- Audio CD (30 July 2002)
- Number of Discs: 1
- Format: Soundtrack, Import
- Label: Hollywood
- ASIN: B00006AWG7
- Average Customer Review: 5.0 out of 5 stars See all reviews (4 customer reviews)
- Amazon Bestsellers Rank: 458,599 in Music (See Top 100 in Music)
There is a Bernard Hermann-esque quality to the MAIN TITLES, according to Newton-Howard he composed this piece of music early and it ended up without a place amongst the action so it was used during the titles, a brilliant decision. This short and snappy intro is quite different to the creepy piano motif used elsewhere in the score and it works to great effect. The shrieking violins and urgent pace of the piece work to make the audience feel uneasy, making them expect something appropriately Hitchcockian in style and atmosphere, it doesn't let you relax because that initial repsonse stays with you throughout the film, you expect *something* to happen.
Newton-Howard uses a three note piano motif throughout most of the rest of the score, a sort of melody which can be powerfully emotional and magical one moment and altered to become chilling and creepy the next. Shyamalan says that he never imagines his films needing music until the last moment, I can't imagine Signs working with anything but a score of this type. You barely notice the melodies and cues working away in the background to trigger emotional repsonses to the pictures onscreen, which I why I believe this score is so great.
The score starts with a bang and then like the film builds the tension slowly with cues such as BRAZILIAN VIDEO and INTO THE BASEMENT until the amazing finale HAND OF FATE PARTS 1 & 2 where Newton-Howard releases that tension with a wonderful, orchestral sweep and soar that turns 'the prickly things on the back of your neck' into big lumps in your throat!
Though the feeling throughout Newton-Howard's score to SIGNS is one of suspense and building fear he also weaves in some very tender and heart-tugging moments that take you by suprise when they emerge from such apparent despair, BOARDING UP THE HOUSE is a perfect example of how to manipulate the troughs and peaks of audience emotion with scoring perfectly tailored to the visuals. The finale to HAND OF FATE PART 2 is also a slow, beautiful relaxation, a 'coming down' after the hair raising PART 1 and you'll probably want to start from the beginning all over again as soon as it draws to a close.
The whole score is around an hour long and like Newton-Howard's music for 'Unbreakable' and 'The Sixth Sense' is more of a slow burning collection of cues that build to a climax rather than a series of huge, epic themes. The influence of Bernard Hermann and John Williams is undeniable *and* appropriate but this is one of the best you will hear if you enjoy scores that have a powerful and seperate life outside the film they were intended for.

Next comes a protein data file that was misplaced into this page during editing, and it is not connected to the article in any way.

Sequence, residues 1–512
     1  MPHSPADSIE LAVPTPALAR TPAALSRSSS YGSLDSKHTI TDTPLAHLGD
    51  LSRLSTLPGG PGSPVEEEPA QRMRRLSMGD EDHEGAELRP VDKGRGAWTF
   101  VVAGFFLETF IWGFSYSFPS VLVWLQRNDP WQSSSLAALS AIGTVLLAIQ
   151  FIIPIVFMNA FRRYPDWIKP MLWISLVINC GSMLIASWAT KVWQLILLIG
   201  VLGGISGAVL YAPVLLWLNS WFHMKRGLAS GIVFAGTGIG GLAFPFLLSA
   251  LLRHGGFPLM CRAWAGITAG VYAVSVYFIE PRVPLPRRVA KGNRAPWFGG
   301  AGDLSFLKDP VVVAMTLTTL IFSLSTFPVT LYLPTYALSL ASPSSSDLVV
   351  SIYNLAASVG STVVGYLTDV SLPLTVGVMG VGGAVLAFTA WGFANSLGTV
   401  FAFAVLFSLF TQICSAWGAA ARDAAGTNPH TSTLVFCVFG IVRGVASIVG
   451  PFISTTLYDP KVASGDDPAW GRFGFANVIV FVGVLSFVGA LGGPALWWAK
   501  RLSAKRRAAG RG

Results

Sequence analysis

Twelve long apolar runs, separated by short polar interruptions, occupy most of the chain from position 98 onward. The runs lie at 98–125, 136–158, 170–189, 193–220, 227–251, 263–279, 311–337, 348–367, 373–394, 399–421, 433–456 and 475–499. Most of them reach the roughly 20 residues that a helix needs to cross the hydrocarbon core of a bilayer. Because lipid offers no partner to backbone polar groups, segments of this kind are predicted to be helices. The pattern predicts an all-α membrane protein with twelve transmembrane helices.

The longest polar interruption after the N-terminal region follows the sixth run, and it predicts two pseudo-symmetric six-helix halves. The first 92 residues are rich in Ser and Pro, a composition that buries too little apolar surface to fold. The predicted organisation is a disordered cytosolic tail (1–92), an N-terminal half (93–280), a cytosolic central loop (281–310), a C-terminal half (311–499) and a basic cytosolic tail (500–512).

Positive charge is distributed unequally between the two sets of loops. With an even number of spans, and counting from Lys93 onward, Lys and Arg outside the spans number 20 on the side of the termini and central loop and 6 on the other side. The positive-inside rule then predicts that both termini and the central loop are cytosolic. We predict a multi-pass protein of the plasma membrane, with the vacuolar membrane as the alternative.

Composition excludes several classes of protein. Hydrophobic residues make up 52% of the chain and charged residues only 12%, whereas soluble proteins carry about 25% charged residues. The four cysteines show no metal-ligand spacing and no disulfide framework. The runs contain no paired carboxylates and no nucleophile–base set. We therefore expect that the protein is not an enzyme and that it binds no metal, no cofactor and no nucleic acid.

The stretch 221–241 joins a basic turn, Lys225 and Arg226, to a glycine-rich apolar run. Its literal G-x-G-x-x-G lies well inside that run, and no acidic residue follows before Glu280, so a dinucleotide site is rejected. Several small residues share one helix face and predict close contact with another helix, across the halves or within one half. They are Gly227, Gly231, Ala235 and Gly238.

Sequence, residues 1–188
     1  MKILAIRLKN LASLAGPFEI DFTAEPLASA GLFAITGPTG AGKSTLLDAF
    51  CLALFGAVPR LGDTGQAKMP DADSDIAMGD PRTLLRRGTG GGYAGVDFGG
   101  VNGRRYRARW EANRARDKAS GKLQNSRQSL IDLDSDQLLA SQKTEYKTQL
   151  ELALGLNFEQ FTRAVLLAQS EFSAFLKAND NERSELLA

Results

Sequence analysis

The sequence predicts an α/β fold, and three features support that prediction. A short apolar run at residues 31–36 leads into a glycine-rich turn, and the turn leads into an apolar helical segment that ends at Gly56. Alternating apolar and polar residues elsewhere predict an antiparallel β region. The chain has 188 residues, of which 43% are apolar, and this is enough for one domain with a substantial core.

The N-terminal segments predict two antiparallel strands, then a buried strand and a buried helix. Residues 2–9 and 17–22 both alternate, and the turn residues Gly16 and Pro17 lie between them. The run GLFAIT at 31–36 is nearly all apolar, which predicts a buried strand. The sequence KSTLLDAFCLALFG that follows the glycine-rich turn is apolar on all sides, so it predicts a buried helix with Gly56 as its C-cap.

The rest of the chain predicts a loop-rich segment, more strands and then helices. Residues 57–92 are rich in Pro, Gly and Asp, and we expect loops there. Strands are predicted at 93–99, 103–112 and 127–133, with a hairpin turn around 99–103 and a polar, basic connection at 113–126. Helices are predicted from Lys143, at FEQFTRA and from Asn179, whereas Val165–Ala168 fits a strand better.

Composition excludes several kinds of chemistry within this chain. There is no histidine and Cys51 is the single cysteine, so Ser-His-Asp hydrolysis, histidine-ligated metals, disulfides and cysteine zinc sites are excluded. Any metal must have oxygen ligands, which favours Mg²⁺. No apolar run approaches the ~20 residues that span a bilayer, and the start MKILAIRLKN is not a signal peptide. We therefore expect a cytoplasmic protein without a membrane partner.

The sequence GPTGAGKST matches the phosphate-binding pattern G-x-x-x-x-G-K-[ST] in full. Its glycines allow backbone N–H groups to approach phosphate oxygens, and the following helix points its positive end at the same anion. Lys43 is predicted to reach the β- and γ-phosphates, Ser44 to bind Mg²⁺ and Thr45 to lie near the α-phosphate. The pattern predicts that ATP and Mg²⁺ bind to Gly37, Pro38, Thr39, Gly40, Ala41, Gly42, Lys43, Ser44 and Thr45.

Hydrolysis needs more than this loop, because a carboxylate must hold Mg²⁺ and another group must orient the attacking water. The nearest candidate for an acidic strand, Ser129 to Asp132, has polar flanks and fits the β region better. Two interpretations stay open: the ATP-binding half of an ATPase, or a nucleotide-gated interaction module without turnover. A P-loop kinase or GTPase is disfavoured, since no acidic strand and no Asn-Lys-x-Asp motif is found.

Highly recommended, it is never too far from my ears...
I love this score. I dont think i had heard much of Howard's work before but this score made my ears prick up. It reminds me so much of John Carpenter's THE FOG (another film where the sheer simplicity of the score made the film superb and made it so atmospheric). You may hear people talk about this score in terms of "Its just the same music played again and again". This is very shortsighted (or shorteared i should say). They're not paying enough attention to the mold of it and how the story develops. This same music fits into each different scene of the film like a glove and is very mystical and creepy, all the while suggesting an uncertain and nail biting future for the family and all mankind throughout. For many,the Main titles is the cue which made them sit up and listen. It cannot be denied that main titles are a homage to Psycho and straight out of 50's alien invasion movies. Superb. But the real genius of the score is elsewhere on the disc in my opinion. A particular scene and cue of the score which comes to mind is where young Culkin climbs onto the family car's roof and they all link hands to create a mast to receieve the alien discussios on the baby monitor. A long lingering shot of Culkin's hand reaching further out to the sky along with Howard's superb score is a scene which impressed me very deeply this year. We need more films and scores like these in an age where our senses our blasted into submission by overly powerful scores and some directors flip between scenes every second giving you a headache in an attempt to stop you noticing its a badly made film with little story. Simplicity and lingering shots can make this movie very realistic. The score helped the scenes tremendously and left me gulping down blubs of tears in the movie. I for one reccomend this score 100%. Its a shame it will be limited to those few who noticed it strongly in the film, as this score apprears to be rarely found on music shop shelves, where Shore's Lord of the Rings has crushed all other superb releases this year under trampling Ork's feet. Like Danny Elfman's score to Red Dragon, it will be a score masterpiece that went unnoticed by the majority of moviegoers. Its our little secret. :)
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